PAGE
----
Greater the uncertainty about future

financing needs --gt Higher Cost

6Application Test Would you expect your firm to

gain or lose from using a lot of debt?

- Considering, for your firm,
- The potential tax benefits of borrowing
- The benefits of using debt as a disciplinary

mechanism - The potential for expected bankruptcy costs
- The potential for agency costs
- The need for financial flexibility
- Would you expect your firm to have a high debt

ratio or a low debt ratio? - Does the firms current debt ratio meet your

expectations?

A Hypothetical Scenario

- Assume you operate in an environment, where
- (a) there are no taxes
- (b) there is no separation between stockholders

and managers. - (c) there is no default risk
- (d) there is no separation between stockholders

and bondholders - (e) firms know their future financing needs

The Miller-Modigliani Theorem

- In an environment, where there are no taxes,

default risk or agency costs, capital structure

is irrelevant. - The value of a firm is independent of its debt

ratio.

Implications of MM Theorem

- Leverage is irrelevant. A firm's value will be

determined by its project cash flows. - The cost of capital of the firm will not change

with leverage. As a firm increases its leverage,

the cost of equity will increase just enough to

offset any gains to the leverage

What do firms look at in financing?

- Is there a financing hierarchy?
- Argument
- There are some who argue that firms follow a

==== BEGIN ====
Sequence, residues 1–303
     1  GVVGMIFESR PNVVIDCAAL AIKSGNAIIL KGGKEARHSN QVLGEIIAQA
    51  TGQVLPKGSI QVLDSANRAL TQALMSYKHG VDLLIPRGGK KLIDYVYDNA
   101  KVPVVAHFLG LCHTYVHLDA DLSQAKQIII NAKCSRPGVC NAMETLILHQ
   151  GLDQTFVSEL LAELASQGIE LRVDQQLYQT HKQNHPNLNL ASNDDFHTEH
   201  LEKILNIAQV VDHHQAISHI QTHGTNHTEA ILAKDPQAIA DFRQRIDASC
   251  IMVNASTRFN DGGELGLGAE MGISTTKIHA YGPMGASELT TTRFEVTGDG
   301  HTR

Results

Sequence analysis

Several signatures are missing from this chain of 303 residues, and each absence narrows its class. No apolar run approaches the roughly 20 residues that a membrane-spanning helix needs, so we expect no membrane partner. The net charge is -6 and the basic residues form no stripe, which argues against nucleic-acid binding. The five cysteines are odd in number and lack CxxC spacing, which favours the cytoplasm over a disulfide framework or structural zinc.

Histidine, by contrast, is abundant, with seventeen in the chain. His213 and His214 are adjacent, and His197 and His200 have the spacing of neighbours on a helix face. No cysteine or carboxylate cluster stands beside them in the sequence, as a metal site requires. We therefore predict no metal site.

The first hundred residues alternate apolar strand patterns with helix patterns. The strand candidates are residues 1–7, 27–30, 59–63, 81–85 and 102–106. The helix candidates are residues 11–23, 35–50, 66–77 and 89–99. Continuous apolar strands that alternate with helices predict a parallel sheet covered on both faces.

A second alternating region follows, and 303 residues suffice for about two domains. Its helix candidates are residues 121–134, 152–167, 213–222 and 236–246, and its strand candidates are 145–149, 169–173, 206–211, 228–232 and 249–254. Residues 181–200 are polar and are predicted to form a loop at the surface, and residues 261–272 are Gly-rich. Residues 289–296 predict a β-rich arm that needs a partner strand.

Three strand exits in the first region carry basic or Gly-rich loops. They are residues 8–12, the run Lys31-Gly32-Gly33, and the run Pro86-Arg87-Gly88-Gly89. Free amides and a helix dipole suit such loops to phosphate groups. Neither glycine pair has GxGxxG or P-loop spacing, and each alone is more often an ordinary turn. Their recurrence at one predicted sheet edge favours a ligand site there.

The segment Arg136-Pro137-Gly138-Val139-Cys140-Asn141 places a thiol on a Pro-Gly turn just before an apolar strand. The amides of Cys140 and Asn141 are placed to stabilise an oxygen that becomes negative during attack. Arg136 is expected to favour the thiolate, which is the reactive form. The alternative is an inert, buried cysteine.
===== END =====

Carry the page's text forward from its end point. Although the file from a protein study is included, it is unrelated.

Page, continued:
financing hierarchy, with retained earnings being

the most preferred choice for financing, followed

by debt and that new equity is the least

preferred choice.

Rationale for Financing Hierarchy

- Managers value flexibility. External financing

reduces flexibility more than internal financing. - Managers value control. Issuing new equity

weakens control and new debt creates bond

covenants.

Preference rankings long-term finance Results of

a survey

Ranking

Source

Score

1

Retained Earnings

5.61

2

Straight Debt

4.88

3

Convertible Debt

3.02

4

External Common Equity

2.42

5

Straight Preferred Stock

2.22

6

Convertible Preferred

1.72

Financing Choices

- You are reading the Wall Street Journal and

notice a tombstone ad for a company, offering to

sell convertible preferred stock. What would you

hypothesize about the health of the company

issuing these securities? - Nothing
- Healthier than the average firm
- In much more financial trouble than the average

firm

Measuring Cost of Capital

- It will depend upon
- (a) the components of financing Debt, Equity or

Preferred stock - (b) the cost of each component
- In summary, the cost of capital is the cost of

each component weighted by its relative market

value. - WACC ke (E/(DE)) kd (D/(DE))

Recapping the Measurement of cost of capital

- The cost of debt is the market interest rate that

the firm has to pay on its borrowing. It will

depend upon three components - (a) The general level of interest rates
- (b) The default premium
- (c) The firm's tax rate
- The cost of equity is
- 1. the required rate of return given the risk
- 2. inclusive of both dividend yield and price

appreciation - The weights attached to debt and equity have to

be market value weights, not book value weights.

Costs of Debt Equity

- A recent article in an Asian business magazine

argued that equity was cheaper than debt, because

dividend yields are much lower than interest

rates on debt. Do you agree with this statement - Yes
- No
- Can equity ever be cheaper than debt?
- Yes
- No

Fallacies about Book Value

- 1. People will not lend on the basis of market

value. - 2. Book Value is more reliable than Market Value

because it does not change as much. - 3. Using book value is more conservative than

using market value.

Issue Use of Book Value

- Many CFOs argue that using book value is more

conservative than using market value, because the

market value of equity is usually much higher

than book value. Is this statement true, from a

cost of capital perspective? (Will you get a more

conservative estimate of cost of capital using